4) Don't Stop Offering Gifts

If your travel to China includes meeting individuals, either for business or personal reasons, you might consider travelling with gifts you can hand out. Appropriate gifts at appropriate times may be useful and make Chinese happy.

It isn't considered appropriate in China to refuse a gift that is offered. However, don't be offended and don't stop offering once the gift has been refused. Generally it may require several offers before a gift is accepted. It is Chinese culture to refuse the first offer. Likewise, a gift might not be opened in your presence since it’s considered rude to open a gift in front of the giver.

However, remember that your gift may be viewed as a bribe, and it will make people feel indebted to you or be viewed in a negative way for these reasons. But in general, it will be ok if given in a friendly way.

5) Don't Offend with Your Gift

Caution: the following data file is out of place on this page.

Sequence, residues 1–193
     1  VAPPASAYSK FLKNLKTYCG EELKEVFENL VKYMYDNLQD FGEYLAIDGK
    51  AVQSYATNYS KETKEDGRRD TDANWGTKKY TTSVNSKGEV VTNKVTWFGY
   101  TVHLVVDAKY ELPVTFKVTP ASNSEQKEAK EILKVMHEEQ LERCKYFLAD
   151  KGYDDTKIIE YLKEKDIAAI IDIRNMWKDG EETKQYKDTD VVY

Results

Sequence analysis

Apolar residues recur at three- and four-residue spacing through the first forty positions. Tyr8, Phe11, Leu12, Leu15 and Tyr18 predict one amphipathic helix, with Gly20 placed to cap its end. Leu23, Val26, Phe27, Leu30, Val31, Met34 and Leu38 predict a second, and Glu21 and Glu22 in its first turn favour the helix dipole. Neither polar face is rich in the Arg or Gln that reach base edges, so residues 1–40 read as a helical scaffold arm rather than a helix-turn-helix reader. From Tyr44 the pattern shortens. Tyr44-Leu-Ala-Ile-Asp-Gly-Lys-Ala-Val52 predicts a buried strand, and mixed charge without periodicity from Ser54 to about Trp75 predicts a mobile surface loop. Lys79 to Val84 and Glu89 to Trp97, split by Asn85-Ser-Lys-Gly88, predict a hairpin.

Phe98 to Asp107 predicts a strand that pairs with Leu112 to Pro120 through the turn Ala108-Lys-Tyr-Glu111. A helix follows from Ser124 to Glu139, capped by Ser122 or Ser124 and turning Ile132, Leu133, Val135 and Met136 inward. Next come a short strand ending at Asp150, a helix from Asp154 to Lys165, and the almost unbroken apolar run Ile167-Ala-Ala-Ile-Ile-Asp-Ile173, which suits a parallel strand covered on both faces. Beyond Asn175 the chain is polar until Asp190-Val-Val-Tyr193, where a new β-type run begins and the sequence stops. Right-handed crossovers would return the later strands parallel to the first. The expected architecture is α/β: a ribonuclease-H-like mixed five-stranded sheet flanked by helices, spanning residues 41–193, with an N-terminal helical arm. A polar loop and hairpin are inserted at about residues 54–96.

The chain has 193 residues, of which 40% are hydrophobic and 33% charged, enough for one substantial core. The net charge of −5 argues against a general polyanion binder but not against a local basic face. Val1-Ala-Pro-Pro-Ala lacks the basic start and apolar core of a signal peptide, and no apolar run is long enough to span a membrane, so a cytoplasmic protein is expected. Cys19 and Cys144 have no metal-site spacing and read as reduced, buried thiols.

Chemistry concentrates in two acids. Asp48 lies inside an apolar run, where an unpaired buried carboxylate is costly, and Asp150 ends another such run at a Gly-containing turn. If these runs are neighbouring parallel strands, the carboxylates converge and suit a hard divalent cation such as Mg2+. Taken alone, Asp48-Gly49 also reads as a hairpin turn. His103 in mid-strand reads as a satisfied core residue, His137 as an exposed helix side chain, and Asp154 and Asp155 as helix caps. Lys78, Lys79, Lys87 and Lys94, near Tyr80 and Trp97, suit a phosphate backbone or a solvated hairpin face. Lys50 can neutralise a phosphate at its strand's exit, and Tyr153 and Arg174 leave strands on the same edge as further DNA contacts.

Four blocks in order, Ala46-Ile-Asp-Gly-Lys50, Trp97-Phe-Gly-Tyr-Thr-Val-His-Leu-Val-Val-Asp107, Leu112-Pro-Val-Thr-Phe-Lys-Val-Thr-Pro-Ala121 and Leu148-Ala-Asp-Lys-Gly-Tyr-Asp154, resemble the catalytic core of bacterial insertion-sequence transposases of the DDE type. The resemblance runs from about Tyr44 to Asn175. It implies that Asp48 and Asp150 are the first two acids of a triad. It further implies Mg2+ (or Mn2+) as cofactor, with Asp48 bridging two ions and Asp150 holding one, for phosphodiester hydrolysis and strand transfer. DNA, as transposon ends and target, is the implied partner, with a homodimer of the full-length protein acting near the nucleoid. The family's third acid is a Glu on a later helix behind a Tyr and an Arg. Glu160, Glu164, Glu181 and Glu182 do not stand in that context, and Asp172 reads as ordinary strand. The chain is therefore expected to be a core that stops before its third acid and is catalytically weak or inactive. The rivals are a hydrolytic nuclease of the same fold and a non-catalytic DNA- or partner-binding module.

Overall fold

Be careful with the gifts you give. While gift baskets of flowers and fruit are common in the U.S., certain types of flowers and fruits are considered unlucky or in appropriate in China. It is best to avoid these altogether or learn about the special meanings of flowers and fruits to know what to give accurately. Don't give bad smelling flowers. Cut flowers should be avoided as well.

Varying regional cultures in China ascribe different meanings to certain colors. It is best to choose either yellow, pink, or red for gift wrapping. Avoid any dark colors or white since these can be seen as bad luck.

Avoid giving clocks also since they connote death to Chinese. Avoid umbrellas. Don't give anything in fours since their word for four sounds like the word for death. However gifts that come in sets of eight such as a set of eight tea cups or pieces of candy are considered highly since eight is a lucky number. Eight sounds like the word "fa" that means wealth or good fortune.

6) Don't Tip

Tipping is a practice that is not observed in China. Cab drivers, restaurant staff, and bellmen do not expect to be tipped and could even be offended if offered extra money.

The sole exception to this practice is a tour that is catered for foreign visitors. The individuals on these tours often depend upon tips for their income. Therefore, it is wise to budget for tipping guides and drivers as one would in most other places in the world.

7) Don't Try To Pay When Hosted by Chinese

Dining Etiquette